You can see the trailer for The Velvet Underground below:

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Revealing Warhol Documentary on Sky Arts.

4172660325_d98f2b485f_zThere’s a very interesting thesis at the heart of Ric Burns’ Andy Warhol: A Documentary Film, currently being shown on Sky Arts.

The general consensus has always been that Warhol’s output can be divided straight down the middle, by Valerie Solanas’ attempt on his life in 1968.

There was all of that frenetic yet incredibly focused energy that he put into an extraordinary variety of work before. And then there was a long and protracted decline as the shock of coming so near to losing his life shattered his confidence and sent him forever into a premature shell.

By the early 60s, the shy, asexual workaholic had established himself as one of the most successful art directors in east coast advertising. When he then launched himself as a full time artist his success was meteoric. And between 1962-8 he was one of the key people responsible for transforming New York into the centre of the world.

velvet_underground_a_pFirst came Pop art. The seeds of which, the film convincingly argues, had been sown in him by the sight of the stained glass windows at his local church. His pious mother had taken her sickly child there every weekend and he’d gaze up at them for hours on end.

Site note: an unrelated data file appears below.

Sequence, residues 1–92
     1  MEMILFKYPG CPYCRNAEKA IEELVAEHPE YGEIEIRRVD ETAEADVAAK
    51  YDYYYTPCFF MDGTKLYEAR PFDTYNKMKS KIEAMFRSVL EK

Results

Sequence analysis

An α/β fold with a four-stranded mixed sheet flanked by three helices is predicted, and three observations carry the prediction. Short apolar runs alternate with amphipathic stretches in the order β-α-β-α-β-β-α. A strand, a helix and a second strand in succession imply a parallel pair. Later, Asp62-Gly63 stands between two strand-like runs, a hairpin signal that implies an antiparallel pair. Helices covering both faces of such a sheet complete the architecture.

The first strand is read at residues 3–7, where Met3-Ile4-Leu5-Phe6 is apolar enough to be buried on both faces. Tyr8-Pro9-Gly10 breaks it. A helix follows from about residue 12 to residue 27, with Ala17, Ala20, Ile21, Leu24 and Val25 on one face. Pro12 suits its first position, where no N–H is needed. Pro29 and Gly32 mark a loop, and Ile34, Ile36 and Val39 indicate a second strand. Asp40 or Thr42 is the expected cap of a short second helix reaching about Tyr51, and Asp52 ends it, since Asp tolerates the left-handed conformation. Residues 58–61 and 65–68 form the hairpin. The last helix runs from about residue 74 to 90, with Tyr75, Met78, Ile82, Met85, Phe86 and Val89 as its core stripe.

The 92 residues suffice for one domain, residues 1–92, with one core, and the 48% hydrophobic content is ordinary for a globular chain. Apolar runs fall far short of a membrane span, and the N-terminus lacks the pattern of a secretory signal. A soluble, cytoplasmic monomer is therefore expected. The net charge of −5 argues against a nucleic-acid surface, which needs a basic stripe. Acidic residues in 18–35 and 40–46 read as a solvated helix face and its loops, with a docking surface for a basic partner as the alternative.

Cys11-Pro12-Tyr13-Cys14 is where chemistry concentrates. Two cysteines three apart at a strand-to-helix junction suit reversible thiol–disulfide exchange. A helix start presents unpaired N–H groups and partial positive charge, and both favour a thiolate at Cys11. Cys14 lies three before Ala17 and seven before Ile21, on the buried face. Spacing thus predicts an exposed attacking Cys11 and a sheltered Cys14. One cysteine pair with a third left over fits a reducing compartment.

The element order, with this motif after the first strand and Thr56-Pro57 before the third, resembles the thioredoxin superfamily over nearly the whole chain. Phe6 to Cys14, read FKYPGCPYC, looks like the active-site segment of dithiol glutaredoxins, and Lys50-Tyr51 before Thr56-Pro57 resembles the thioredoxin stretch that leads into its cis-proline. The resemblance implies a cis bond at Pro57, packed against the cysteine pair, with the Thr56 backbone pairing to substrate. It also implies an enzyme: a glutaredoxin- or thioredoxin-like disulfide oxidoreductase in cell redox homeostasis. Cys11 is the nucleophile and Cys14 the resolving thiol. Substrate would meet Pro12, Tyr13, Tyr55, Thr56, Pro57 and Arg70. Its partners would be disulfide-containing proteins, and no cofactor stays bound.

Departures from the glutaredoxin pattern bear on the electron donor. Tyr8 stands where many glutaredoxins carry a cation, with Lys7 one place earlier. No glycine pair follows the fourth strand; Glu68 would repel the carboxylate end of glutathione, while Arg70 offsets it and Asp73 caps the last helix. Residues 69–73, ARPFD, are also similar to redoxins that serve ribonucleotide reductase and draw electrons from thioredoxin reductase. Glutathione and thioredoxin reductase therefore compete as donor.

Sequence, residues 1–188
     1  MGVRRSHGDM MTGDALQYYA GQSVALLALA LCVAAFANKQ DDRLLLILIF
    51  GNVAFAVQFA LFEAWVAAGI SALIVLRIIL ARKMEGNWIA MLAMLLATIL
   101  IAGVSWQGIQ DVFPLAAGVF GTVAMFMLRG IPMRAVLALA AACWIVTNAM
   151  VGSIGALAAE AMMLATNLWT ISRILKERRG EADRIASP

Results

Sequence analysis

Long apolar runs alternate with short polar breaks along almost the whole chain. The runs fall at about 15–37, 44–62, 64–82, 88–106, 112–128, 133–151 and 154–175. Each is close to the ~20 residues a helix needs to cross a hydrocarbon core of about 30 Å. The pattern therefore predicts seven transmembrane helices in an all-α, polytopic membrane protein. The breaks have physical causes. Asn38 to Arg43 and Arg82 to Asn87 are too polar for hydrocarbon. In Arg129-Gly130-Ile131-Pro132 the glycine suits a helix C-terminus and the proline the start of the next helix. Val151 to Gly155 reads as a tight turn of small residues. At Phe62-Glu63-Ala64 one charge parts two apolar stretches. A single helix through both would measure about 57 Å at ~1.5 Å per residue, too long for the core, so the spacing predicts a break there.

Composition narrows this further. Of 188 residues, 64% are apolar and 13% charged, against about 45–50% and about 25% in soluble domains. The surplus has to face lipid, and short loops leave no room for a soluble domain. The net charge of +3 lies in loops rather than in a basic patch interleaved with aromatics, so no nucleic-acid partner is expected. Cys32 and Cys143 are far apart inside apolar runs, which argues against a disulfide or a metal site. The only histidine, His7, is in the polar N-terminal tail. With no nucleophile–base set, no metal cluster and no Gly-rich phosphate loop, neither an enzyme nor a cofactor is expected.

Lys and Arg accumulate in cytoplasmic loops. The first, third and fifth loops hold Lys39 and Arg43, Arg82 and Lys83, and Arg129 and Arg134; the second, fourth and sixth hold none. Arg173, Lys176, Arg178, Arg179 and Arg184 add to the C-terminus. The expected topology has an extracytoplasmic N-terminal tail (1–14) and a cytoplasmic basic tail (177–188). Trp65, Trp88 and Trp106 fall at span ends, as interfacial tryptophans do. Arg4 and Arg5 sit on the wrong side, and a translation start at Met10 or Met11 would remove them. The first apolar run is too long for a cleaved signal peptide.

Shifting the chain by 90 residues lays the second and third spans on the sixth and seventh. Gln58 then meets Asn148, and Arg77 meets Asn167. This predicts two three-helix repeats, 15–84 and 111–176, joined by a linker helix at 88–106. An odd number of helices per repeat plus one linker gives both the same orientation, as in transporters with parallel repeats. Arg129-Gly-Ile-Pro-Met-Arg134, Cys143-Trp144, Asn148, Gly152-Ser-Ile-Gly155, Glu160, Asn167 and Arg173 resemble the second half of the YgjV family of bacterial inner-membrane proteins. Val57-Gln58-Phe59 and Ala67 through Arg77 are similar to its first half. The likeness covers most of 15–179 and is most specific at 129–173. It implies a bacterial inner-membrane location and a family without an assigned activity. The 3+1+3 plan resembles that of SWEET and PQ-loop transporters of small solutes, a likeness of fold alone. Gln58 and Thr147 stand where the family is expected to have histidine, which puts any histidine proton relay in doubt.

That was followed by the now famous and genuinely iconic silk-screen portraits. The Marylins, Elvises and the Jackie Os. But there were also the avant garde films, the happenings and the music. All of which culminated with the Velvet Underground and the four seminal albums they produced.

It seemed like the entire artistic universe was centred around Warhol’s whirlwind and increasingly infamous Factory on East 47th Street.

But, the film points out, Warhol had acquired his nickname Drella for a reason. A combination of Cinderella and Dracula, it cleverly suggested an ingénue who sits innocently watching. But one that’s secretly and silently sucking all the blood from all who come into contact with him.

The drag queens, pimp, pushers and assorted wannabes that Warhol was openly encouraging to gather there and hang out might have been fantastic fodder for his art, music and film. But he was demonstrably using them. And there were few of any of them producing anything of worth. The Velvets were the exception not the rule.

Promising so many lost souls the earth was always going to cost him, eventually. And when Solinas shot him for not carrying her with him up into the heavens, there was a sense of inevitability rather than surprise about it.

ufzetxepkmvbbig.jpg.pngRic Burns is the younger brother of Ken, and the pair made the seminal The Civil War in 1990, which was followed up by Jazz in 2001. They’ve carved out a reputation for austere if slightly conservative, old school documentaries. And there’s nothing wrong with that. As this fine 4 hour plus film demonstrates.

And although it does sail dangerously close to hagiography, as the NY Times suggests in its superb piece here, Andy Warhol: A Documentary Film nonetheless makes a very convincing case for its claim that he was the most important artist in the latter half of the 20th century. Keep your eye out for it.